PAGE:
In Champagne, Jelly Beans and Chocolate, Author R.L. Taylor tells the engrossing story of Royce Tyler, a talented man broken by soul wrenching circumstances that left him deeply depressed and ultimately homeless.  Royce is left to pick up the pieces after his parents are murdered in their liquor store by a perpetrator who evades justice, only to emerge as a basketball star headed to the NBA. Thanks to the high-priced lawyers funded by his uncle, a medical doctor and the murderer’s business manager, James Michael’s criminal actions are a distant memory as everyone feeds his ego in the hopes of scooping up money and fame from their association.

Meanwhile, Royce is homeless after losing his parents, their liquor store and home in an attempt to keep things afloat. Sleeping in his car at night and washing up in cheap motel bathrooms by day in preparation for the next round of job interviews, Royce runs into his high school love, Paula Daniels. Successful all by herself and hardened by rich men’s desire to possess her, Paula shields her heart while collecting the entrapments these men have to offer. The deception begins as Royce, despite his circumstances, attempts to woo her based on their shared history.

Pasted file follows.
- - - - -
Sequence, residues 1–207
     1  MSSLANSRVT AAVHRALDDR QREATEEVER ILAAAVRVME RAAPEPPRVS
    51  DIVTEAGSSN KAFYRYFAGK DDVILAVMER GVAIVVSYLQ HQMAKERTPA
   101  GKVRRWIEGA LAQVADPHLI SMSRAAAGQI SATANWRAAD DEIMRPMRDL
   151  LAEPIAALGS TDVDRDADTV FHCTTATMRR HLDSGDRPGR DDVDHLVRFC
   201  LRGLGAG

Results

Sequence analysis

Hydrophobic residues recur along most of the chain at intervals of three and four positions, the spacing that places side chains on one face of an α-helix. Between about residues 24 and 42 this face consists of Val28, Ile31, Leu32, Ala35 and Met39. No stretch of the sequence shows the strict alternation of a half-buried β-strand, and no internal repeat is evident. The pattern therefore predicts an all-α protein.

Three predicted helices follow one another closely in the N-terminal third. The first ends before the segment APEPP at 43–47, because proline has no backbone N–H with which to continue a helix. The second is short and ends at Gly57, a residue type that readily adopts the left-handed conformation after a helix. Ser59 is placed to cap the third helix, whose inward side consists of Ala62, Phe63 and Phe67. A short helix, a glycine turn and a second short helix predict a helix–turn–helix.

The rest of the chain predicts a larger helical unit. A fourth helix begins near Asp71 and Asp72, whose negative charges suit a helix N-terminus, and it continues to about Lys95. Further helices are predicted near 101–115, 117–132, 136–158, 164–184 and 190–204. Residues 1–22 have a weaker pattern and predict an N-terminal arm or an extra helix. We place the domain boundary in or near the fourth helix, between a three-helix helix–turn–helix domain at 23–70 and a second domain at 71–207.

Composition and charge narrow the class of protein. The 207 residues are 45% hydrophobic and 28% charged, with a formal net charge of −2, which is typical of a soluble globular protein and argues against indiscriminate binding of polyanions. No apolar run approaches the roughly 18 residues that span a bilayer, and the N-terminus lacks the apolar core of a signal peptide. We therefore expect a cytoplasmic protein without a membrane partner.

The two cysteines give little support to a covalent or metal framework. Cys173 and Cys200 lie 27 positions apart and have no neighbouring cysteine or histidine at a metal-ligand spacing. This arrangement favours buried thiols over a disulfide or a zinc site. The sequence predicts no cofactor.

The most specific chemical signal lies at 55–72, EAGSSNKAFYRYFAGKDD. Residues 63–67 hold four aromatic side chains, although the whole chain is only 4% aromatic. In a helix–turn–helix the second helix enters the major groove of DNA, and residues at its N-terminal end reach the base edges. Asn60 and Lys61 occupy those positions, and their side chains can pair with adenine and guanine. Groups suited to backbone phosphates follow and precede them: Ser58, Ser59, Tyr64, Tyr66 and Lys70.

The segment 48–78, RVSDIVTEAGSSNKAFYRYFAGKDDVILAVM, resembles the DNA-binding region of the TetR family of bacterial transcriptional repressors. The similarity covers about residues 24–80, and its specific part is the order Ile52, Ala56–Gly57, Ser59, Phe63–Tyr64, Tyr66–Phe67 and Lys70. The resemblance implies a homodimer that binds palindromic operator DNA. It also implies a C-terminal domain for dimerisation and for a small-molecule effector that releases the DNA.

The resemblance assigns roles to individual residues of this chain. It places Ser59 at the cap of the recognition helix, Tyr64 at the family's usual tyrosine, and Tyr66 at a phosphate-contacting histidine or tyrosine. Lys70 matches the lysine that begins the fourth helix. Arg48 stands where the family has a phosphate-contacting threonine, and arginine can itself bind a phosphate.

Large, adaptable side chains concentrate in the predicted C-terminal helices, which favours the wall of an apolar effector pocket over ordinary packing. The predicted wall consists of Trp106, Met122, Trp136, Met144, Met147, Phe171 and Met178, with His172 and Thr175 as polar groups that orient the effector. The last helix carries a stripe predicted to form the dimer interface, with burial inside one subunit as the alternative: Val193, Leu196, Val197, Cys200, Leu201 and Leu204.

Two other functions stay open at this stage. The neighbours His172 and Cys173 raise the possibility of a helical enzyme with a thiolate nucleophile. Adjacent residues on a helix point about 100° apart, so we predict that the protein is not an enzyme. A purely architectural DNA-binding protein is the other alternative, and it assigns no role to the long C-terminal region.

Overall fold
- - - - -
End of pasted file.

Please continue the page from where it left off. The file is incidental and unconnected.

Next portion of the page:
Ultimately, Royce pulls his life together and seeks redemption not only for himself but for all people who, fallen on hard times, find themselves abused and mistreated due to their homeless status. Taylor is a great story teller.  Your allegiance will sway to Royce as he attempts to resurrect his life while Paula’s materialistic and opportunistic ways make her less than appealing. But then Taylor tips the scales as Paula becomes a stronger woman of substance no longer allowing others and their offerings to influence her desires.